Following the death of the old Duke of Normandy, Richard III, Robert I ascension to the throne of Normandy (1027) was contested by his younger brother Richard suggesting their father had not died by natural means. Failing an amicable resolution, both sides rallied their forces and met on the fields near Argentan. Augmented by cavalry from Brittany, Robert had a slight advantage in mounted troops to face Richard’s greater number and better-quality infantry supported by a large number of archers.
The field, less than ideal, offered barely enough ground for Robert to deploy his force in two contingents. Richard had less problem and could extend his line to overlap that of Robert and as a cautionary move placed a reserve formation of milites behind the centre contingent.
Perplexed by his brother’s idleness (low pips), Richard sent his left-wing infantry to seize the woods and threaten Robert’s right. Taking possession of the wood, Richard’s archers showered Robert’s knights with arrows. Stung into action Robert moved his battle line forward.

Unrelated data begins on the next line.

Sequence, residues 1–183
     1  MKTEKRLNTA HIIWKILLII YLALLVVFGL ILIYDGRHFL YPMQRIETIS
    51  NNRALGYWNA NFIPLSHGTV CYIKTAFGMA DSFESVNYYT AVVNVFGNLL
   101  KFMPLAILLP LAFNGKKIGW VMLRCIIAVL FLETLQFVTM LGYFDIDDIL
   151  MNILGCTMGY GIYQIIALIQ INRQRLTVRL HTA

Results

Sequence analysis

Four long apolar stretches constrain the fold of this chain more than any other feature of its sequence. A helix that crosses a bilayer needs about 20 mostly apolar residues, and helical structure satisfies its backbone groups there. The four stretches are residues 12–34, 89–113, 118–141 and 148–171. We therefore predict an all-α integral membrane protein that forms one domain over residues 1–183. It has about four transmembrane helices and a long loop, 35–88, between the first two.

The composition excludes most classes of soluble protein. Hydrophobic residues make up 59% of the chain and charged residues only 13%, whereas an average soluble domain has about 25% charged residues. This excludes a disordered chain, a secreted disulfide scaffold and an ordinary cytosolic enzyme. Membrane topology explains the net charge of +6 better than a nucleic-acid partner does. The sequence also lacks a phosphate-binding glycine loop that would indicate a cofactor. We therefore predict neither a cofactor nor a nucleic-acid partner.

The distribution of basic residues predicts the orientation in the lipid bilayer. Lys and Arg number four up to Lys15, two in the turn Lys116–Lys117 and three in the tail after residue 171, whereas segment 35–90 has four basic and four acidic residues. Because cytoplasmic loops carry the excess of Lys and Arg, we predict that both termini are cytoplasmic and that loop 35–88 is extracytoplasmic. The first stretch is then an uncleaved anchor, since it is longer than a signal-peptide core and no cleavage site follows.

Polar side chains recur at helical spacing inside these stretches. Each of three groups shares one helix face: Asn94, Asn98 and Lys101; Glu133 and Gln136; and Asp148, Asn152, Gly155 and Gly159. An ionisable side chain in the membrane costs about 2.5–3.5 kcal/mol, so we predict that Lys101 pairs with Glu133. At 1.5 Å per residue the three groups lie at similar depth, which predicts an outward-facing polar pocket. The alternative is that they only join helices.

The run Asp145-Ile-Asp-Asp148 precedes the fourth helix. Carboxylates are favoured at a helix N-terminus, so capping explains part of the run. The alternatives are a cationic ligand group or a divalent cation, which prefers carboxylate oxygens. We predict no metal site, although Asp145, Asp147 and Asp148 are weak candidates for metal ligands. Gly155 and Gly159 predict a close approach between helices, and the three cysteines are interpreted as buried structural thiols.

The advance was not without mishap as Robert’s harassed line of milites were struck by a well-timed charge by Richard’s knights gaining an advantage.
Demonstrating more skill, Robert launched a series of charges placing Richard’s knights off balance while denying them room to manoeuvre. It was not long before Richard discovered all his troops were now committed.
The general melee that followed became so desperate only the cry of “Robert, Duke of Normandy’ could acknowledge friend from foe.
The battle ended with a third of Richard’s army dead or wounded and Richard’s subsequent capture meant the ascension of Robert to the throne would no longer be contested. Offered a monastic life, which was refused, Richard accepted exile to Italy.
Game resolved in five turns with a score of 4 – 1.
1 x General (3Kn), 6 x Milites (3Kn), 2 x Breton (Cv), 2 x spearmen (Sp), 1 x archers (3Bw).
1 x General (3Kn), 6 x Milites (3Kn), 2 x swordsmen (4Bd), 2 x archers (3Bw), 1 x javelinmen (Ps).